Do Criminal & Family Court Matters Intersect
You may know that criminal court and family court are two different things, and you may be wondering if having a criminal record will affect any legal matters you have pending in family court. Unfortunately, there is no easy answer to this concern. In some cases, yes, a criminal record may affect the outcome of a family law matter, while in others, it may not.
Some ways a criminal record may affect a divorce or custody case:
- When a criminal charge is directly related to a divorce or custody issue
- When the criminal charge is related to domestic violence or abuse
- When a criminal conviction impacts the outcome of a family law matter, such as a DUI conviction affecting someone’s ability to fulfill their parenting responsibilities
What Do the Courts Look at When Considering a Criminal Record?
When a criminal record is brought up during a family court matter, the courts will typically consider the context of the criminal charge and how it relates to the family law matter. This may mean that the courts look at the criminal charge, when it was committed, and what has occurred since then, including any sentencing or rehabilitative efforts on the part of the person convicted.
In short, when the courts consider a criminal offense or record in context with a family court matter, they generally do so holistically and on a case-by-case basis.
Criminal Conviction & Tennessee Divorce Grounds
In particular, a criminal conviction and subsequent incarceration can be used as grounds for divorce in Tennessee. Under Tenn. Code § 36-4-101, one of the listed grounds for divorce is “being convicted of any crime that, by the laws of the state, renders the party infamous” and “being convicted of a crime that, by the laws of the state, is declared to be a felony, and sentenced to confinement in the penitentiary.”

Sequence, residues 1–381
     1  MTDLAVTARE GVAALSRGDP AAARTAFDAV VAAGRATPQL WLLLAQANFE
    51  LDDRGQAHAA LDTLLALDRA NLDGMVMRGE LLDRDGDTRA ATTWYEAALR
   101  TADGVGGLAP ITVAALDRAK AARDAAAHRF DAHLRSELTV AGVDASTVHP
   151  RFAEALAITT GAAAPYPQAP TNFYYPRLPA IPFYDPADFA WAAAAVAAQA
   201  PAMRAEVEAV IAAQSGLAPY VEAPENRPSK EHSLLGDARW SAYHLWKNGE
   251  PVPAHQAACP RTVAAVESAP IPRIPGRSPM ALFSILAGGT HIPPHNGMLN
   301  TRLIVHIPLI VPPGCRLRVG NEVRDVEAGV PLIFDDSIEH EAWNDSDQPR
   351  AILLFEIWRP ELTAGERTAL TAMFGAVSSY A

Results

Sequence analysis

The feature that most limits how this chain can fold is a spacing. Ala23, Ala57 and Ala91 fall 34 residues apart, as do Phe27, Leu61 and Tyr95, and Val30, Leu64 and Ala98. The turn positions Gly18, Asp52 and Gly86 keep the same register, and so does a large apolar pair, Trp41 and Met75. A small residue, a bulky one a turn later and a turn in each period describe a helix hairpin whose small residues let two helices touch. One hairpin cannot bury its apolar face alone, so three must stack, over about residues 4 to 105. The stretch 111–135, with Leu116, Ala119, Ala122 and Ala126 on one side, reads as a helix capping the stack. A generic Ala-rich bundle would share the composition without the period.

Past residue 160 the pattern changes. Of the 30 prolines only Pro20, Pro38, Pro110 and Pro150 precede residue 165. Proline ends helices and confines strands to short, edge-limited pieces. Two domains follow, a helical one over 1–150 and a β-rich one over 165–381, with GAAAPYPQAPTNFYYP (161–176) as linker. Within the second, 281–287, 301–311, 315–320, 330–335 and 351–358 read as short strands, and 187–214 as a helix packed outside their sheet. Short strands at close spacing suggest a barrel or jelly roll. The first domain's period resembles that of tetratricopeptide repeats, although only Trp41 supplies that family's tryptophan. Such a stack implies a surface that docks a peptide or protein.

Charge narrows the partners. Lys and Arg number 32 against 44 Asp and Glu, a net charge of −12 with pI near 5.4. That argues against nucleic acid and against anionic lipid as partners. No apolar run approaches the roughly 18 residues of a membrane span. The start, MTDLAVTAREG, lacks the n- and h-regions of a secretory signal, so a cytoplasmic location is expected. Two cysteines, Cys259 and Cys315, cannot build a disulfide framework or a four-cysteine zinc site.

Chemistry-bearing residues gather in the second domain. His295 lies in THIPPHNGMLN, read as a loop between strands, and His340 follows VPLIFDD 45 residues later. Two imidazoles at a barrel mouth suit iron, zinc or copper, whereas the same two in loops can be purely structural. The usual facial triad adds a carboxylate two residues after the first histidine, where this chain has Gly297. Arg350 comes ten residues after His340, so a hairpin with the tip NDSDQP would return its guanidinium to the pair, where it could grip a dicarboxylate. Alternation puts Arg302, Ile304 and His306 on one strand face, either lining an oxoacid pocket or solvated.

What About Child Custody?
When the courts determine child custody orders, their ultimate goal is to ensure the well-being of the child or children involved. Consequently, a criminal conviction can significantly impact the court’s decision. This is especially true in cases where the criminal charge and its context influence the court’s perception of the parent’s ability to provide for the child physically, emotionally, and morally.
Things that may negatively influence the court when making custody decisions:
- Evidence of past abuse or violence
- Evidence of neglect or abandonment
- Evidence of alcoholism or addiction
- Evidence of serious or continued criminal activity
Again, it is important to emphasize that when considering criminal records in family law matters, the courts will look at all the factors in context with each other. This means that there is no easy answer to whether a criminal conviction will affect the outcome of your custody case.
What About My Spouse’s Criminal Record?
As previously mentioned, when criminal records come up in family court, it is the context of the issue that matters. For example, suppose a divorced parent remarries, and their new spouse has a criminal record. If their new spouse has contact with or lives with the divorced parent’s children, their existing criminal record may impact the court’s custody decisions for the divorced parent. Consequently, if you have a family law matter, and your partner or your co-parent has a criminal record, you should speak with an experienced attorney about the different ways it may affect your case’s outcome.
Send us an email to schedule an appointment with one of our experienced family law attorneys at Casey, Simmons & Bryant, PLLC.